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J.R. Smith: "Forget what anyone says, Kevin Love is the ultimate teammate"

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J.R. Smith opens up to The Cauldron about life in Cleveland

Ken Blaze-USA TODAY Sports

Well, this is awesome.

Over at The Cauldron, an offshoot of medium.com, J. R. Smith has written an essay about his trade from the New York Knicks to the Cavs. What Smith has done in his time in Cleveland has surpassed nearly all expectations. After really struggling early on in the year, he has completely changed the way he plays. Gone, for the most part, are the failed attempts at creation. Down, in a major way, are the amount of midrange jump shots he takes each game. Way up is the percentage of his shots coming from three point range.

He covers a wide range of topics, talking warmly about Carmelo Anthony, LeBron James and Kyrie Irving. I've provided a couple excerpts below, but you should read the whole thing. The things that stood out to me involved Kevin Love, and Smith's work ethic.

Here's the section on Love:

And forget what anyone says, Kevin Love is the ultimate teammate. He isn’t the most athletic player out there — actually, Kevin is like that guy you see in a 40-and-up league just killing it because he knows the game better than anyone else out there. Mentally, Love is just in another stratosphere when it comes to understanding basketball. Plus, not only is he an underrated shooter who can knock shots down better than half the guards in the league, he is also the best rebounder I have played with, hands down.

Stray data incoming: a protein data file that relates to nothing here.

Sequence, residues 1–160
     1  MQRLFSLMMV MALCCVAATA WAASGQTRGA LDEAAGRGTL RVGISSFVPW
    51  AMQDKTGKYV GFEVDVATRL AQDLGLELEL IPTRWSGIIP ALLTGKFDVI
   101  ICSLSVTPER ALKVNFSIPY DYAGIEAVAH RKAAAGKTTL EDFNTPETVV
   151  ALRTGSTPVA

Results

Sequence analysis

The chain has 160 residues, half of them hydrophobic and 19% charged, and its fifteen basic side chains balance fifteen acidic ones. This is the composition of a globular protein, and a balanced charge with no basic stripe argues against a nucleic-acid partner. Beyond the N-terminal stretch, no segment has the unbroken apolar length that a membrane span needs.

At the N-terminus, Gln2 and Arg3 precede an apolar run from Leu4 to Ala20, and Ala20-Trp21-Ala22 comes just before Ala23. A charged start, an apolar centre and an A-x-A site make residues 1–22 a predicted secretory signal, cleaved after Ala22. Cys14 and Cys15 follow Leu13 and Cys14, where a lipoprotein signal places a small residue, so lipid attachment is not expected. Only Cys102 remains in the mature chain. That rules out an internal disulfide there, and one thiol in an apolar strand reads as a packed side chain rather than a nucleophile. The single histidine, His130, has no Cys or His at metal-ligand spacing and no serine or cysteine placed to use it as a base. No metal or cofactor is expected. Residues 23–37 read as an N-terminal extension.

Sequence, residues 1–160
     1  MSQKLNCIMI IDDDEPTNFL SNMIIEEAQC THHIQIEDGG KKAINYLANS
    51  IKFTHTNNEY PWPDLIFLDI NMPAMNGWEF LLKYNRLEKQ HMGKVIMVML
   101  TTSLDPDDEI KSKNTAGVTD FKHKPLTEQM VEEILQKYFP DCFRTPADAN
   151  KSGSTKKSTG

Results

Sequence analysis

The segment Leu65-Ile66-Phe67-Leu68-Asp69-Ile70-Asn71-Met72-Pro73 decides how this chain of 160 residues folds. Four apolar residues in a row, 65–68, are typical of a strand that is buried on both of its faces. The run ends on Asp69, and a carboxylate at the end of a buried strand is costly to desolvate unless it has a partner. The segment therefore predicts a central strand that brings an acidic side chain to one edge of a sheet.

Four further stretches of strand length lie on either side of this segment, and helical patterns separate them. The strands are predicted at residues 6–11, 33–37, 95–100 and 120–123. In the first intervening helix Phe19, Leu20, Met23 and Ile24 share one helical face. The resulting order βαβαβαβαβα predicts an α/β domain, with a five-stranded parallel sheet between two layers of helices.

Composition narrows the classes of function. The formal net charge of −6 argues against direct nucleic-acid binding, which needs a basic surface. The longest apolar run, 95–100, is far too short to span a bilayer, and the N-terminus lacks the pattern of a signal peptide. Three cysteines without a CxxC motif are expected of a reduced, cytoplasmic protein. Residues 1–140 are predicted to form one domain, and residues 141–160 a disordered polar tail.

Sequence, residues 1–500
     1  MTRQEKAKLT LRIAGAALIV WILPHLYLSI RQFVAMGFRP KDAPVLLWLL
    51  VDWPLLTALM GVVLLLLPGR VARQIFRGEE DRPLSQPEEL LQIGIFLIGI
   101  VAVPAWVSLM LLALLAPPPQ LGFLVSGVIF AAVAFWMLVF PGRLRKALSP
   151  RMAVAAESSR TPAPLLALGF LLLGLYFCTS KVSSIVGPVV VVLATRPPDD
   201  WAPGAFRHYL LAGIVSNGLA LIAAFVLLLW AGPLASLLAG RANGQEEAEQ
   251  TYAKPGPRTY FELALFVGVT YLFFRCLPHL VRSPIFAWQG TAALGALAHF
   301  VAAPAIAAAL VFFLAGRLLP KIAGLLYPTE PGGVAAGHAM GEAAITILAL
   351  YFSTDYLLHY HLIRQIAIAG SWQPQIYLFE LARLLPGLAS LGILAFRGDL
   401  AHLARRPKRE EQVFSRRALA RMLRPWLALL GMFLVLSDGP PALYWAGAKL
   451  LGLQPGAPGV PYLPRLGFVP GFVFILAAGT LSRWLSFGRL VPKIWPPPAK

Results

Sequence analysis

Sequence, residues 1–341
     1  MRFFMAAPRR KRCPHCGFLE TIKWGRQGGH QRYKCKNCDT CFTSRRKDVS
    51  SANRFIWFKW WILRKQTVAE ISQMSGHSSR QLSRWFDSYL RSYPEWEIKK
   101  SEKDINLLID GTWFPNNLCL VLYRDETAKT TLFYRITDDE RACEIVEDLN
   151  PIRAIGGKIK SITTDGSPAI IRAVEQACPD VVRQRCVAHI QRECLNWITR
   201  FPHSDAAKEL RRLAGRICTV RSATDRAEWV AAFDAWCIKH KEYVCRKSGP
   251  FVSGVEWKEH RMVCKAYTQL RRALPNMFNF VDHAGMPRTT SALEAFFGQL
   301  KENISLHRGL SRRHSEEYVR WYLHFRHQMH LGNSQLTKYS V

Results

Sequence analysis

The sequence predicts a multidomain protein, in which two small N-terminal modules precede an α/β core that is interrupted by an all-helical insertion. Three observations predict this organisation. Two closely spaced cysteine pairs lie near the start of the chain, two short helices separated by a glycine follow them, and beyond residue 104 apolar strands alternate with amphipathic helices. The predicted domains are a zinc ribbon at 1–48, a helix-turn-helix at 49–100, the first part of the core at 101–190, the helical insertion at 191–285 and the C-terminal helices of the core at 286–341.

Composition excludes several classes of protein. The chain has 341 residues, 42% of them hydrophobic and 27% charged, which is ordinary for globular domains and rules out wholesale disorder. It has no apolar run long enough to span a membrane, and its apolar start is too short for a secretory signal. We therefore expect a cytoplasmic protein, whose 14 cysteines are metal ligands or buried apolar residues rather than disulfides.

More important than what you notice about Love’s game, though, is what you don’t. He does all of the little things a team needs to win, and that sort of stuff trickles down to each and every one of us, including me. Guys like him make you want to play harder. They help you keep your focus and intensity, because if he’s doing it night in and night out with smarts, heart and determination, well … what’s your excuse? Put it this way: If I had a son grow up to be a big man, you better believe he’d be enrolled in Kevin Love’s summer camp.

The other part that I liked was Smith's section talking about misconceptions about him as a person and player. Smith's reputation as a guy who likes to go out and have fun - it is what it is. But the idea that he isn't a hard worker, I just really don't buy that. Lots of guys go out and still work really hard at their game. You don't shoot like Smith does without putting the time and effort in.

His take:

There have been unfair rumors that lead people to have misconceptions about me: that I don’t care; that I don’t take my job seriously; that I am not committed to my craft. It’s unfortunate, but people have been saying this about me during my entire career. It obviously bothers me and naturally would bother anyone to feel that people don’t take you seriously as a person. I see it in media commentary during each season, and I experience it firsthand when I’m on the golf course in the offseason, everywhere. Then after 18 holes, or lunch, or a meeting, without fail, someone tells me I am a completely different person than who they perceived me to be.

Again, you should go read the whole thing. I've been pleasantly surprised by J.R. We will see if he can keep it up.